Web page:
MU sophomore Lauren Lavigna finished Sunday's 200-meter backstroke final, saw her time and dug her face into her hands.
Her time of 2:13.79 earned her a silver medal and was her career-best by six seconds.
"I didn't believe it," Lavigna said. "I was shocked."
Although the third annual Missouri Grand Prix was a stage for some of the world's best swimmers to show their talent, Lavigna and two other Missouri swimmers made sure they got in the spotlight as well, becoming the first Tigers to medal at the high-profile meet.
"When you see them everyday in the pool and see how hard they work, I don't expect it but I'm not surprised when it happens," coach Brian Hoffer said.
In the previous two years of the Missouri Grand Prix, no Tiger swimmer had even swam in a top final, let alone medaled. This year saw numerous Tiger swimmers in the last heat of finals and Lavigna, joined by junior Martin Cernansky and freshman Lisa Nathanson, cracked the top-three in their respective events.
Although Lavigna's big night came in the third night of finals, Missouri's medal count started with Cernansky's performance Friday.
After resting three weeks to be in top shape for the meet, Cernansky had no reservations going into his final heats this weekend.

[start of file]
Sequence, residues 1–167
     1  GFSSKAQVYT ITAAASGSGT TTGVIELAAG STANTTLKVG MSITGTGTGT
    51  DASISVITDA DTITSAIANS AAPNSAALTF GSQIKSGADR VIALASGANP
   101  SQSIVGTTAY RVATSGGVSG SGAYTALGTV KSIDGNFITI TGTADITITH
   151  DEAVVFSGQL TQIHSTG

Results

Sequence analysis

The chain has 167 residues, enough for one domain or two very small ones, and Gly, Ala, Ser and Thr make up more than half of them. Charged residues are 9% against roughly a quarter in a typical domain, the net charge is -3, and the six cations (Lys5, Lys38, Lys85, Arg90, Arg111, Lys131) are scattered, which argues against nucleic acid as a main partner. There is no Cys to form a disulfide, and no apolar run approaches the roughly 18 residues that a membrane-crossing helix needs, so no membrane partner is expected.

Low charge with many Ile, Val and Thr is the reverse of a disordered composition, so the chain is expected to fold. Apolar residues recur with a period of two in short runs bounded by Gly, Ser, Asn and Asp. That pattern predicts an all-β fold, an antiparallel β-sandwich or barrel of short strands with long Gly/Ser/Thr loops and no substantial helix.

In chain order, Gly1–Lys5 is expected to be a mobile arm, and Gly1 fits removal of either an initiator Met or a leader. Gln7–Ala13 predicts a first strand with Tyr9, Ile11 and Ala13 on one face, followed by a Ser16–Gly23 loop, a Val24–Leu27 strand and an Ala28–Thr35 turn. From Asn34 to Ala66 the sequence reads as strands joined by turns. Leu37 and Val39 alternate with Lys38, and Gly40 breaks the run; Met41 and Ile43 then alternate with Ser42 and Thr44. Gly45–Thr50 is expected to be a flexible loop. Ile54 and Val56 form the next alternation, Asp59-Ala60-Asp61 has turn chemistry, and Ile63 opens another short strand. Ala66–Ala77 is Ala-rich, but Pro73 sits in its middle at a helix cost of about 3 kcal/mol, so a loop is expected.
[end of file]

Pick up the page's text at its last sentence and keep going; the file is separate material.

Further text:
"I was ready to go," Cernansky said.
The native Austrian earned a bronze medal in the 100-meter breaststroke in a personal-best 1:02.98. He nearly claimed the silver medal but fell short .14 of a second from Matt Lowe of Longhorn Aquatics.
The junior did one better the next night when he earned silver in the 200-meter breaststroke.
Even though he took home two medals from the meet, Cernansky said he received some intangibles from racing with U.S. Olympians, such as Eric Shanteau and Mark Gangloff.
"Every race you swim with them you learn something new," Cernansky said. "It's a great experience."
Nathanson scored Missouri's second medal of Saturday night when she placed third in the 50-meter freestyle with a personal-best time of 26.04.
In coming up with an explanation for his medal-winner's performances, Hoffer didn't hesitate to cite the home-pool advantage.
"Our team loves this pool, they always perform pretty well here," Hoffer said. "It kind of gets me excited about the Big 12 Championships with what we can do and the energy we can bring and to have more of a team environment."
The Mizzou Aquatic Center will go from hosting some of the world's best to hosting the best the Big 12 Conference has to offer starting Feb. 25.
For the Missouri swimmers both the Grand Prix and conferences championships are opportunities to put up a qualifying score for the NCAA championships in March.
Lavigna's performance in the 200 backstroke gave her a good shot at making the championships and added another reason to look forward to the conference meet.
"This year my first goal when I sat down with Brian was to make NCAA's," Lavigna said. "To be pretty confident that I will go, it just makes conference even better."